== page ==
In many respects, it’s hardly surprising that HMV has managed to remain, but commendable and worthy of praise all the same. It’s current business model meant that more high priced items like phones, electronics and games took a back seat; while shelves were recently filled with comics, collectables and even Vinyl. Having worked for the company briefly in 2009 and again in 2013, I defiantly experienced some of this change first hand. Vinyl itself presented something quite unique; as if we’d suddenly travelled back in time and embraced a format which should – by all rights – be extinct. Just as many analysts argue HMV should be.

Compact Disc has been a regular fixture in the marketplace since the late 80s, swiftly seeing off competition from Mini Disc, VHS and even Laserdisc; they even buried Vinyl considerably in an episode of Tomorrow’s World recorded around 1992. Whereas a lot of music fans have embraced the digital revolution a decade ago, retailers are limited in their selections, admitting that embracing MP3’s and Spotify subscriptions would leave them out of a job. So CD has found a bizarre and unchallenged equilibrium; until the return of Vinyl. Asides from their popularity with collectors, their physical appeal, their openness to customisation (who doesn’t love a good picture disc?) there’s also an exceptionally unique quality to Vinyl which makes it a more attractive proposition for retailers; it’s practically impossible to steal.

Consider for a moment walking into a store on a cold Christmas day and shoving a cassette tape into your pocket. Even a CD would fit snuggly into an inside pocket without much effort. Vinyl, on the other hand, presents twelve inches of self-resistance to petty theft; for both customers and staff alike, making it the perfect product. In 2017 HMV predicted its most successful year of Vinyl sales in almost 20, thanks in part to the efforts of mainstream artists like Ed Sheeran and Noel Gallagher embracing the format, with UK sales for that year topping four million.

In 2018 this trend continues, with the average purchase of Vinyl made by a consumer younger than those purchasing CDs, according to information from the website Kantar. According to their estimates, the overall value of the vinyl market in the UK for the latest quarter (in the 12 weeks to 1 July) was £25 million. 420,000 people bought a vinyl record in this period, up by 6.6% vs. Q1 (that is, the 12 weeks to 1 April). And this is despite the evident proof that not all collectors of Vinyl have the means to play them.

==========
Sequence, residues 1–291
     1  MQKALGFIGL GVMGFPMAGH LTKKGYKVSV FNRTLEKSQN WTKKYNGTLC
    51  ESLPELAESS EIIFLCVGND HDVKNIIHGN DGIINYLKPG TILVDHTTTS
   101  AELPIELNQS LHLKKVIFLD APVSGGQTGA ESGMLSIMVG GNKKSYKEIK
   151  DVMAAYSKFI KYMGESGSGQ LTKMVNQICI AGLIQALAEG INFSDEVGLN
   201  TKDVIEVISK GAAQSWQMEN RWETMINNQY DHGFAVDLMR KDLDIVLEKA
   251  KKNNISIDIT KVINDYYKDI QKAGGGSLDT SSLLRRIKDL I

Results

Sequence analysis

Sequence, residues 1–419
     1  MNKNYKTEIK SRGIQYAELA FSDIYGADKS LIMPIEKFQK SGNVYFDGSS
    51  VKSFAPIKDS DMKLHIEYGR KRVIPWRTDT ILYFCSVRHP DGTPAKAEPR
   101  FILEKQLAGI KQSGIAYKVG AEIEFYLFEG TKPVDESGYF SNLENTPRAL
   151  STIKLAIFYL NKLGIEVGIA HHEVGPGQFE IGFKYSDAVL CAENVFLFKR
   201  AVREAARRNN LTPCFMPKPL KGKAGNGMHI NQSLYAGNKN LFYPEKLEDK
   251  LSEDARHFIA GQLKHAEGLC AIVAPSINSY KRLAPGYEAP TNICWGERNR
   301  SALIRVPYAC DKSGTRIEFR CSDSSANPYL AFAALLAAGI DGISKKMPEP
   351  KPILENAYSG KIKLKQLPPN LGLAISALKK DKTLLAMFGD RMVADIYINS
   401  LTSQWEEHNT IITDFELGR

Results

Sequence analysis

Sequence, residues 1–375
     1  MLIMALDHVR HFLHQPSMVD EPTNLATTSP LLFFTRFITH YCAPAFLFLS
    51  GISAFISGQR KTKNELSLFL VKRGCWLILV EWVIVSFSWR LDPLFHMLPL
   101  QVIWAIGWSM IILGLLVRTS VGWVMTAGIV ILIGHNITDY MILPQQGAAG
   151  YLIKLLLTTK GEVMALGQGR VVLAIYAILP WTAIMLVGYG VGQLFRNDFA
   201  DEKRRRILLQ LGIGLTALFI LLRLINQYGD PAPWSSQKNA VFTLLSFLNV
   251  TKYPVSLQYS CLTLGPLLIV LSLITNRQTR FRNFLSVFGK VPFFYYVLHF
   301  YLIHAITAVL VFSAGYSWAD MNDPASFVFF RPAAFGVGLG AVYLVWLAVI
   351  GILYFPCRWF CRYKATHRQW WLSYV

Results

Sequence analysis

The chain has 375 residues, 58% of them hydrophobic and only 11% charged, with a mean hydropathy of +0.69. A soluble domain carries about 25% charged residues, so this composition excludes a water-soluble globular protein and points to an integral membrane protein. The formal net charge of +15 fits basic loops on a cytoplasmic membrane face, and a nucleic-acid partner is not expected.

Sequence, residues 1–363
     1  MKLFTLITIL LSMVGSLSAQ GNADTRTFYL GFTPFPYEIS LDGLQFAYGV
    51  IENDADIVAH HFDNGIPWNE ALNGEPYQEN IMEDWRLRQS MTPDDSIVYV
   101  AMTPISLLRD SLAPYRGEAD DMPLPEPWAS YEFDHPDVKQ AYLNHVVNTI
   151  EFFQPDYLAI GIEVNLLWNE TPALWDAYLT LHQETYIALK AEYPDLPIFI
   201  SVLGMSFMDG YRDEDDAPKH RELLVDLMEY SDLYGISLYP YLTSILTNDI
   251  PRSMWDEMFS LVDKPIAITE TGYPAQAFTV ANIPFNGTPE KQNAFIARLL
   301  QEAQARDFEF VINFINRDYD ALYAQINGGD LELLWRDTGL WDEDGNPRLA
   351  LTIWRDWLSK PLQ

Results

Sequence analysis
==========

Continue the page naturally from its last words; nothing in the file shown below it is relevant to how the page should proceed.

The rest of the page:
What might be even more remarkable is that this trend has led to a number of other ‘Grave Formats’ returning to the fold. Swedish band Ghost released their latest album ‘Prequelle’ as well as their live compilation ‘Ceremony and Devotion’ on Vinyl, but perhaps more surprising is their choice to release it on 8 Track Cassette. Although a limited release, initially available through the bands website and the result of Spotify giveaways, their operations are not unique to just cult bands – with Metallica remastering their classic ‘And Justice for All’ album and releasing a special cassette version; which is available to purchase through Amazon and was also stocked in HMV alongside a Nirvana cassette release earlier this year.

The introduction of the cassette tape by Philips in 1963 would lead to it becoming one of the most influential ways people consume music for over 30 years, and yet, it was somewhat ironically never intended never to rival the audio quality of the existing larger tape formats. Once Sony released a portable cassette player called the Walkman in 1979, such anti-taping arguments were more or less dismissed by the general public. Complete with portable headphones, the Walkman encouraged a generation of music fans to take their sounds with them wherever they went, and the advent of the boom box, which featured dual cassette decks, provided portability and seemingly encouraged music duplication through its design. By 1983 it was cassettes which outsold Vinyl.

And yet, as I made my selection that evening in HMV, my father looked on slightly baffled as to why – at 63 – it was his 33-year-old son who was purchasing albums on Vinyl, Cassette and 8 Track in 2018. Everything it would seem, has its place.